Getting creative to communicate science

Across Penn’s School of Arts & Sciences, students and professors are devising imaginative ways to bring their scientific work to the public.

On a recent Thursday, Ph.D. student Marielle Ong took a break from her math research to bring several oversized cardboard Battleship game boards to West Philadelphia High School. She was there to run math circles—interactive, puzzle-based sessions—with a group of eight students, mostly ninth graders. Instead of calling out a letter and number, the students would need to aim at an opponent’s ship by writing an equation for a line that intersected with the ship’s location. The game was a hit.

(from left to right) Yidi Wang, Yi Wang, Deependra Singh, and Marielle Ong.
Graduate students (from left to right) Yidi Wang, Yi Wang, Deependra Singh, and Marielle Ong. The volunteers helped Ong carry out her vision for the first iteration of the math circles—interactive, puzzle-based sessions—with a group of eight students at West Philadelphia High School. (Image: Courtesy of Marielle Ong for OMNIA)

She’d had the idea for the activity after the Netter Center for Community Partnerships, Penn’s home for civic and community engagement, accepted a proposal for the math circles that she’d submitted in 2022. She’d been interested in finding creative ways to bring her subject to new audiences since the year prior, when she started teaching math to incarcerated people through a program run by Mona Merling, an assistant professor in the School of Arts & Sciences’ Department of Mathematics.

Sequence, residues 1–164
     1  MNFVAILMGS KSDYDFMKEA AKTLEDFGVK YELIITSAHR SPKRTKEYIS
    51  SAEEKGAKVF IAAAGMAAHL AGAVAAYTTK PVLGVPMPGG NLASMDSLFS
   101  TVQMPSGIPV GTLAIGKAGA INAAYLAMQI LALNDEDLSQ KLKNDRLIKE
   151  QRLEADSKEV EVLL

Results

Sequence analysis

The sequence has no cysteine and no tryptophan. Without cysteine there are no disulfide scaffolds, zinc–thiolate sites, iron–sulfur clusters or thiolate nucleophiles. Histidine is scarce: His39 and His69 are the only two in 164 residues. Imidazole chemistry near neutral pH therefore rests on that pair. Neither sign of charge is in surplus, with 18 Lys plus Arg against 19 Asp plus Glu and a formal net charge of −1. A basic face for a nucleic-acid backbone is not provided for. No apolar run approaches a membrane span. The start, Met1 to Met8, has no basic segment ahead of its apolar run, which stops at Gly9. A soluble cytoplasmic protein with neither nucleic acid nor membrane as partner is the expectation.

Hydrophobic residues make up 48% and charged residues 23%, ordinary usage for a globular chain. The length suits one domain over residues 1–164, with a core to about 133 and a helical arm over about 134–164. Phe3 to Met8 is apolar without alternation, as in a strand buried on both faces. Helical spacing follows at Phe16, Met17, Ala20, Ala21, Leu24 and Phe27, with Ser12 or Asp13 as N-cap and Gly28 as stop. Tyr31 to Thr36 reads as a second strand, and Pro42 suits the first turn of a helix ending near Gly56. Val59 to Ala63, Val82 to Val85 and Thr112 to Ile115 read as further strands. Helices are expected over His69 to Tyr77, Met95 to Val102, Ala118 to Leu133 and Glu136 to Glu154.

Though Ong knows that not everyone will become a mathematician, she believes everyone can benefit from learning to think like a mathematician: approaching problems creatively, testing out multiple solutions, persevering through struggle. “There’s no such thing as not being a math person,” she says. “I want people to be able to realize their potential in problem solving. With enough time and effort, you can do this.”

The Battleship game that Ong created is one of many innovative science and math communication efforts from SAS students and professors, who are drawing comics, creating games, writing articles, and more to move their specialties out of the university and into new communities.

PennNeuroKnow, a blog created and run by students in the Neuroscience Graduate Group, is putting that idea into practice. Aimed at “breaking the brain down for everyone to understand,” the blog features weekly articles written by a rotating group of 17 contributors who choose topics ranging from explaining their own research or neuroscience in the news to debunking popular brain myths. A recent article, for example, refuted the popular idea that video games are inherently bad for children’s brains by discussing a study showing that some games can improve children’s cognition.

Many grad students have experience with public-facing events that involve explaining or demonstrating a physics concept. But that type of communication relies on what’s known as the information-deficit model: that people who don’t understand something simply need more information. The PennNeuroKnow editors ensure that anyone at an eighth-grade reading level can understand every piece they write and term they use.

This story is by Laura Dattaro. Read more at OMNIA.